11 Comments

  1. Sharon Wicks says:

    I saw YES in concert only with Jon as the front, about 4 times in PA. I love his voice, it is truly healing to mt spirit. Glad he is well and happy and I am sure Debbie plays a major role in Jon’s contentment.

  2. Greg Richards says:

    ……i saw yes in the early 70′s in Wilmington NC…..They
    seriously blew people away!!!!
    I would love to see Bill Bruford… Rick Wakeman
    and Jon Anderson… joined by a small brass and string quintet… two backup singers along with a small dance
    troupe… and an awesome lightshow… Then they could …..and do a complete cover of the Olias of Sunhillow album. I think this would simply blow everyone away…. ..completely… not just a little…i mean completely. This would definitely put so much icing on Jon’s cake………
    peace… love… and strength guy’s……!!

  3. Rick Gregory says:

    ……i saw yes in the early 70′s in Wilmington NC…..They

    seriously blew people away!!!!
    I would love to see Bill Bruford… Rick Wakeman
    and Jon Anderson… joined by a small brass and string quintet… two backup singers along with a small dance
    troupe… and an awesome lightshow… Then they could …..and do a complete cover of the Olias of Sunhillow album. I think this would simply blow everyone away…. ..completely… not just a little…i mean completely. This would definitely put so much icing on Jon’s cake………
    peace… love… and strength guy’s……!!

  4. Anderson’s last big contribution to Yes was “Magnification”, an album without Wakeman or any keyboardist at all. Meh. I’m not interested in having a semi-retired vocalist or keyboardist rejoin if they’re only going to want to do a few dates here and there, or want to do shorter shows, or acoustic shows with a bunch of medleys and all the prog drained out of them, or refuse to play material from when they weren’t members. It’s funny to hear Anderson protesting now, after saying for decades that he saw Yes as an orchestra that would continue even after all the original members were unable to perform anymore.

    What I do like is Yes as they exist today.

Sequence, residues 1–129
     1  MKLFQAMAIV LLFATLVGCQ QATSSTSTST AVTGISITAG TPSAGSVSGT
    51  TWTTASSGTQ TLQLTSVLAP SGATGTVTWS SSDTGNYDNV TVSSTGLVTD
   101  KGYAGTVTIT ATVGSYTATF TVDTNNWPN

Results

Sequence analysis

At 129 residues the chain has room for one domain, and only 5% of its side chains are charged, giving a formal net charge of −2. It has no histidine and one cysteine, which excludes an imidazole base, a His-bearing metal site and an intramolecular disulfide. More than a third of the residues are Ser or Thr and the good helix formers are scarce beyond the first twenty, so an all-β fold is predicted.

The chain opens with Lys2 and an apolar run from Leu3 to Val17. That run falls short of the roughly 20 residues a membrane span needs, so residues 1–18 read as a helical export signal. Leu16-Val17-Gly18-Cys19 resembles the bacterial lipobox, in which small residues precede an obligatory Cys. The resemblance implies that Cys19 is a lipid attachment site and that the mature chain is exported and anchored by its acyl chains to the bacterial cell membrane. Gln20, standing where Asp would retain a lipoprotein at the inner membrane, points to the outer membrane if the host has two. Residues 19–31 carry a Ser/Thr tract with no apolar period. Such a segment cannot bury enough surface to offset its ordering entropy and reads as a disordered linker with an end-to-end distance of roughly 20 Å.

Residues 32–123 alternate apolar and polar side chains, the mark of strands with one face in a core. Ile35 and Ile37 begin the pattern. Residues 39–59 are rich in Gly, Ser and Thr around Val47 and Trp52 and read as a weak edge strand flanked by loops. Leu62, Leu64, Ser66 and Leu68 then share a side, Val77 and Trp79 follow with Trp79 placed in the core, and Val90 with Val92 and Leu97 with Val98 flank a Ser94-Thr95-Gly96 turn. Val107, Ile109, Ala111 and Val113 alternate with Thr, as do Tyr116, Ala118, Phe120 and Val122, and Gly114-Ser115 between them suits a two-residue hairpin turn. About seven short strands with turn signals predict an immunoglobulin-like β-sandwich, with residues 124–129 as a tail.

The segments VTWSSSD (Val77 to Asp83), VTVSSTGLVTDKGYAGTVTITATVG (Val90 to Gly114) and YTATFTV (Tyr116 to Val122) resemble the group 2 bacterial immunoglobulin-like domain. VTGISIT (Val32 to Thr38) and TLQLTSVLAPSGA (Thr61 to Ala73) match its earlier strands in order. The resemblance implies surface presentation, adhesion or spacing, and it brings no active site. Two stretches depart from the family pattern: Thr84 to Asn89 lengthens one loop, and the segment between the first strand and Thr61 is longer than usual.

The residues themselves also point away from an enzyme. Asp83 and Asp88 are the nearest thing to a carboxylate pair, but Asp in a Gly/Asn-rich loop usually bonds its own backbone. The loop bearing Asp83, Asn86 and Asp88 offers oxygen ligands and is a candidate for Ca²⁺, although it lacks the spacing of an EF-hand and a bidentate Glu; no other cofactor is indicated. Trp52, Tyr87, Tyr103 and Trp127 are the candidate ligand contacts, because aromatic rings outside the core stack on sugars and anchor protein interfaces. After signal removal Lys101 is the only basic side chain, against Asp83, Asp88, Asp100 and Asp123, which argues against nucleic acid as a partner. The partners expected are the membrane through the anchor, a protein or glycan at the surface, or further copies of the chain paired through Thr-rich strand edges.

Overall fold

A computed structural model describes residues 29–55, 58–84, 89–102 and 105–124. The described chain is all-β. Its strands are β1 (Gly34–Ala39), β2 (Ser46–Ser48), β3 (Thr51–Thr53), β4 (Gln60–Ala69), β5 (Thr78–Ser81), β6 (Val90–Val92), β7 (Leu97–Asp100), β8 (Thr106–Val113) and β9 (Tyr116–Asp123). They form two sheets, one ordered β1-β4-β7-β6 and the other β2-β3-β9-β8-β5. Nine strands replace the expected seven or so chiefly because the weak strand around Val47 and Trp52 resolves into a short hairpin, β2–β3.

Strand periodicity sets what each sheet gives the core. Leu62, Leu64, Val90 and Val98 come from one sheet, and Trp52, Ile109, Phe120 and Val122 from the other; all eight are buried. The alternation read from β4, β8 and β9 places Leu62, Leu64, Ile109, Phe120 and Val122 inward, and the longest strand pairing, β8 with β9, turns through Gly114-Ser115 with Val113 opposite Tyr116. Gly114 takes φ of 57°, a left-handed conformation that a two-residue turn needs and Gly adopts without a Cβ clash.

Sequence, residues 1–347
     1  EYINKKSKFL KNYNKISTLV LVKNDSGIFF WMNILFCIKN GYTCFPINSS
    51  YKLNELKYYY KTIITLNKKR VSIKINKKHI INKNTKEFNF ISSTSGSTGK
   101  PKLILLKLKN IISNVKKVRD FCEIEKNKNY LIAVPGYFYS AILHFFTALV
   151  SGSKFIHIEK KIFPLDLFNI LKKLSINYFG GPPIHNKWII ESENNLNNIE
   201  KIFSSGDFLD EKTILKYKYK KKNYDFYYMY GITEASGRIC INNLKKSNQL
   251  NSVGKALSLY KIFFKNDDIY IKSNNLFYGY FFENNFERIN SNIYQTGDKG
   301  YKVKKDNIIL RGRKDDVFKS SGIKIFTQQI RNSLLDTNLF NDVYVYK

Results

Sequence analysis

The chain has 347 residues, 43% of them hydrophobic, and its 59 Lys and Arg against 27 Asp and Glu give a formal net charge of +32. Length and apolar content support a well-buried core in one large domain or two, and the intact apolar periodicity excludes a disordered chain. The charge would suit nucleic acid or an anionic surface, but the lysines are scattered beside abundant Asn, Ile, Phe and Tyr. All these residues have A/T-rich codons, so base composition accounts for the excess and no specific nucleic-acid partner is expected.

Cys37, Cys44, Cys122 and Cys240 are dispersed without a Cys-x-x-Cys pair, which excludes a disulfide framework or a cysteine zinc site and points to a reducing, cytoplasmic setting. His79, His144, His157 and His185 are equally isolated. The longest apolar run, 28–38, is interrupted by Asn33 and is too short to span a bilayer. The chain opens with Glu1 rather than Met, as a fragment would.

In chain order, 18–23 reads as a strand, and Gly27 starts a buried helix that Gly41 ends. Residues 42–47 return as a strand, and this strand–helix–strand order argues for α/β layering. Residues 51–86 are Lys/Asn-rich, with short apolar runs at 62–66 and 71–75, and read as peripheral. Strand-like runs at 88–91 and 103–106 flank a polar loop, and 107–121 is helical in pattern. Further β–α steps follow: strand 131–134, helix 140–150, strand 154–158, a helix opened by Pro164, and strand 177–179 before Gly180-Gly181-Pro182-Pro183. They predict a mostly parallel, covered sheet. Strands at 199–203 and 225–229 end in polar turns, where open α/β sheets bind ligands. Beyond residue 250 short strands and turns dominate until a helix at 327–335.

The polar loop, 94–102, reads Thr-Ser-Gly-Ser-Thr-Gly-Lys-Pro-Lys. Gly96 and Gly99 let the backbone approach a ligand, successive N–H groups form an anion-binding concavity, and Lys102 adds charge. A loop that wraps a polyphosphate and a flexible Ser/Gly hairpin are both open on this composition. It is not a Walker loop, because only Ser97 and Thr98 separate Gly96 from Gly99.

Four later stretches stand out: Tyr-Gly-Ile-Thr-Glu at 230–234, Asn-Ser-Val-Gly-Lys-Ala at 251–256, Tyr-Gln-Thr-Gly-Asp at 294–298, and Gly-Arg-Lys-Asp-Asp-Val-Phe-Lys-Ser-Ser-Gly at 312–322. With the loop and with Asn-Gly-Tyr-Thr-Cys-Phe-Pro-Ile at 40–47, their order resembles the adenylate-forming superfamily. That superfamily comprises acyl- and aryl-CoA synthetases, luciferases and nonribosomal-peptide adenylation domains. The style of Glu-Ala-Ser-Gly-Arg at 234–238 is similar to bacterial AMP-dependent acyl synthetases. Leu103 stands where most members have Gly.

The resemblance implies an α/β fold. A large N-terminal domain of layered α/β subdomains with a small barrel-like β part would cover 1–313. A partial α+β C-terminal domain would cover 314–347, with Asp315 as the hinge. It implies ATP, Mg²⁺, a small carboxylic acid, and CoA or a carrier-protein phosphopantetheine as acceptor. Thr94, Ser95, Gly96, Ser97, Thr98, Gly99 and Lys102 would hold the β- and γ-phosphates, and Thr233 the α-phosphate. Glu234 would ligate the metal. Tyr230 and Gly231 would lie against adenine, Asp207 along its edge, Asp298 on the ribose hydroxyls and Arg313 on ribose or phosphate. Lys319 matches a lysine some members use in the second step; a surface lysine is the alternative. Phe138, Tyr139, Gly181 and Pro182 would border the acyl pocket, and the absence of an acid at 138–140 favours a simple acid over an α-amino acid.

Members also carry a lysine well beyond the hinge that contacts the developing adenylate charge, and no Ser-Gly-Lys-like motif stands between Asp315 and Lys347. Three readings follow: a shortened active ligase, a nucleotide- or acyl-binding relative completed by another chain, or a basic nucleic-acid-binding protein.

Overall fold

• Anderson was more important to YES than any other individual member. Beyond the songs and sound, he was their heart and soul. Yes as they exist today are going through the motions for the paycheck and lifestyle maintenance — a mere shadow of the once majestic and innovative musical force that filled stadiums. You can have them.

      • Aldo Giannantonio says:

        Amen to that…Yes was not just a great Band…they were unique with their musical, lyrical and Spiritual style…basically a Zen of the Cosmos.

        You might get close in imitating a voice, but not the core Spirit.

        The new line up sounds good…but no creativity like they had with Jon Anderson….not to mention his Voice….the Voice…

  5. Patrick Lattanzio says:

    Anderson is the voice of Yes. You cannot deny their best work always was with much of his input. I wish they could put egos aside especially given their age and just either get together or end it once and for all. I mean you’ll never get the quality of material they helmed from the Yes Album through Going for the One. It was lightening in a bottle and served as the very best of prog.

  6. Rob John Meronek says:

    I think it’s really great that they carry on in different combinations through time, but I’d still like to hear Jon and Rick back in the group again. Heaven would be a lonely place if someone was missing.

  7. Your an incredible singer and songwriter. Stay strong and healthy!
    True Yes fans know that you are the only voice of Yes.

  8. I do hope to see Jon and Rick back with YES. The replacement Jon does a pretty good job but there’s nothing like the real thing!!!!!! And I am sorry, but Rick plays the heck out of those keyboards! Come on Chris and Steve, play fair and let those guys back in. WE ARE THE FANS – YOU ARE SUPPOSED TO PLEASE US!!!!!

  9. Lester Czech says:

    I first saw Yes in 1972… I still have the ticket stub… $4.50 for a seat!

    I saw Yes at Jones Beach a few years ago and they were amazing… met Jon Anderson back stage. A really nice guy.

    I was SO tempted to go see them on their most recent tour, but when I found out that they were touring without Jon Anderson, I was like “wtf!?”

    I agree, Rick and Jon should both be back in the band!

    Jon, you’re the best! Take Care of yourself.

    A fan forever.